In this video, Cuddy Law Firm special education attorney Joseph Sulpizio gives an update for parents in Pennsylvania in spring 2020 on how schools were required to provide special ed services during shutdowns due to the COVID-19 pandemic.
Federal laws for special education, such as the Individuals with Disabilities Education Act (IDEA), weren’t originally written to cover what happens in an extended closure because of a pandemic.
So when COVID-19 hit, Sulpizio explains, the U.S. Department of Education issued guidance saying that if schools shut down entirely—like they do on snow days—special education services could also stop. If schools aren’t providing services to anybody, they’re not required to provide services to students with disabilities.
But when schools offer alternative education formats, like online learning, they must ensure that all students, including special education students, receive equal access to instruction. That means special education students still must receive what’s called a “free appropriate public education,” or FAPE, as required by federal law.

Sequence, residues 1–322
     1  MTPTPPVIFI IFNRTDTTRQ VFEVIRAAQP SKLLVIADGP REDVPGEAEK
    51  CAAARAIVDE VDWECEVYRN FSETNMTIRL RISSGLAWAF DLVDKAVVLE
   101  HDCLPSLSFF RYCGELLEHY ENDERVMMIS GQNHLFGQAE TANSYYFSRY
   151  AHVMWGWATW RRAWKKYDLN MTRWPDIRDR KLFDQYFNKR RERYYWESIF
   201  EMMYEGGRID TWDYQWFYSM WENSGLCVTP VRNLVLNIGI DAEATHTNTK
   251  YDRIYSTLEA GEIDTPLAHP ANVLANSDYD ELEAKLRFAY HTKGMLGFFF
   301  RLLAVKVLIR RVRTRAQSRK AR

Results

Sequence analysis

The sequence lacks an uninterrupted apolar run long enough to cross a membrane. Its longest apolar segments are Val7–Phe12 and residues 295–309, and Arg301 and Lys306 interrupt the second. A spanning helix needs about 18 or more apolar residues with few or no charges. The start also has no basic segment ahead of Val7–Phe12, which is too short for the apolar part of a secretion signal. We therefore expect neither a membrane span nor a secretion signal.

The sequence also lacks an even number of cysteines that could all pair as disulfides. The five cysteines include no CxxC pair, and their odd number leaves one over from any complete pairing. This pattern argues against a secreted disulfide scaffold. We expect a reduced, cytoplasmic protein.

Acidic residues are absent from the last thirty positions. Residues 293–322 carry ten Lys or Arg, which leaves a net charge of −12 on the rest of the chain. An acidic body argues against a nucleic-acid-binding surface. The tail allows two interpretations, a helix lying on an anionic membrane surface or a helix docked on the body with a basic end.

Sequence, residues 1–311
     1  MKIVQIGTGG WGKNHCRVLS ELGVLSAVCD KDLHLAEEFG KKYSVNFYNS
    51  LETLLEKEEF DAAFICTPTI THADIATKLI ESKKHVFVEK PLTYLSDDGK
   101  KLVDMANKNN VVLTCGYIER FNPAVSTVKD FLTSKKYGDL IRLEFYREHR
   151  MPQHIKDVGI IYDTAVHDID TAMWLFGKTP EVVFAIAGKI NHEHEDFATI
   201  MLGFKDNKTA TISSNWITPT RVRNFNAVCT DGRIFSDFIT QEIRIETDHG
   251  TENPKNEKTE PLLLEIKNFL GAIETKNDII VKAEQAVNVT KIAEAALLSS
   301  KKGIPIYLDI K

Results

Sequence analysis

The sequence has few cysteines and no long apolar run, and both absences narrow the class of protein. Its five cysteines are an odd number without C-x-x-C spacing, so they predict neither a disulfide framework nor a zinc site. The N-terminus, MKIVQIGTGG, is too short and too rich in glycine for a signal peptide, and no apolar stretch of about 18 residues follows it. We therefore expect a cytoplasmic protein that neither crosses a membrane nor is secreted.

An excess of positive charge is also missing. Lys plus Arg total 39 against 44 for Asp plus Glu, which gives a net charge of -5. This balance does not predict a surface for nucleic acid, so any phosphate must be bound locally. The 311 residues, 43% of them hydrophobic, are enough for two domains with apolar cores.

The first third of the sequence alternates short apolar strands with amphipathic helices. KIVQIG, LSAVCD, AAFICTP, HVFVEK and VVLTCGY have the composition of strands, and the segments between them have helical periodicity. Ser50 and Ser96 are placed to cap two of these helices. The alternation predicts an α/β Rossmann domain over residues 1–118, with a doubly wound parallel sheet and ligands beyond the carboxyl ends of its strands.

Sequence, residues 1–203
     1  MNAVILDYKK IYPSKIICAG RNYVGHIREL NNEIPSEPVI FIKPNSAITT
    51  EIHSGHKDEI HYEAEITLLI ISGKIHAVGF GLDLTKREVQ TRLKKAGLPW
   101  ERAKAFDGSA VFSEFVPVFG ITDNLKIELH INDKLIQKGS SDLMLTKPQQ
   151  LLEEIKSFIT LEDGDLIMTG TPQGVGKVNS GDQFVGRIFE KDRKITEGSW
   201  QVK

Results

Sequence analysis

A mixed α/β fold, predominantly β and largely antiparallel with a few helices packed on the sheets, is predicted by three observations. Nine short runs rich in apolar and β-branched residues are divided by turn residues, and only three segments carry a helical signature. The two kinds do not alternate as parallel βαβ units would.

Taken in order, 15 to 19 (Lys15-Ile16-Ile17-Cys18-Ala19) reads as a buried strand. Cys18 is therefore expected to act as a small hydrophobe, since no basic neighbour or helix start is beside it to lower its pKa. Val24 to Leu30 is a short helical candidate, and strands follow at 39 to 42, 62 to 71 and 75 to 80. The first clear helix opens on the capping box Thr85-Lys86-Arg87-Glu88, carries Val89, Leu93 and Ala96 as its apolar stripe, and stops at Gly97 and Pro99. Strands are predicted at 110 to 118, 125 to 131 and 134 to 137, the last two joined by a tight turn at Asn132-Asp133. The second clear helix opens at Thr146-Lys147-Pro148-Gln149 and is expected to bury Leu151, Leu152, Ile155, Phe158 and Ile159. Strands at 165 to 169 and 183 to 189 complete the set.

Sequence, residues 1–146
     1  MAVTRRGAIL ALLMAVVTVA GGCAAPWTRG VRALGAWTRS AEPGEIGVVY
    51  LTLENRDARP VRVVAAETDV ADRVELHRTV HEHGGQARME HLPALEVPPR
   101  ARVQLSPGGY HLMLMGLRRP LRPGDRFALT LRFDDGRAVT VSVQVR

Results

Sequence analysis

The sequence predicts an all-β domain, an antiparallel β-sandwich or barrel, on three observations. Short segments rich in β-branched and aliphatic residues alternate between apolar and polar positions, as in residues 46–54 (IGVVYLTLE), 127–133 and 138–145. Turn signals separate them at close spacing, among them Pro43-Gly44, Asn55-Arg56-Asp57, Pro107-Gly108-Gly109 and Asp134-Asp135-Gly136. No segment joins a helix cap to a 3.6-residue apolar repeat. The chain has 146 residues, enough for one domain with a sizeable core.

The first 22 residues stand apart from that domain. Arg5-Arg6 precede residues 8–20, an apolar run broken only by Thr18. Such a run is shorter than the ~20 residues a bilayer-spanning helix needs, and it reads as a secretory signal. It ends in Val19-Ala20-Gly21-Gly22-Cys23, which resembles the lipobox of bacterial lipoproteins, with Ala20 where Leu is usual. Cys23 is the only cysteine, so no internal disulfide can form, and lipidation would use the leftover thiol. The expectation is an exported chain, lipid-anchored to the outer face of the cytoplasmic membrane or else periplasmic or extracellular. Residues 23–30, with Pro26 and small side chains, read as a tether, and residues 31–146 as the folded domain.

One example of providing a FAPE to special needs students during pandemic remote learning could be giving extra support to parents and families on using the technology needed for their students to receive instruction online.
When schools reopen, the federal government said school districts should consider providing additional services to special education students, such as tutoring, to compensate for lost instruction time.
Sulpizio advised parents to keep track of what services their students receive during online learning and how that compares with their child’s Individualized Education Program (IEP). That way when schools return to full functioning, parents can account for what their child missed that needs to be made up.
Watch the full video for a detailed discussion of what should happen for special ed students during disruptions in in-person school.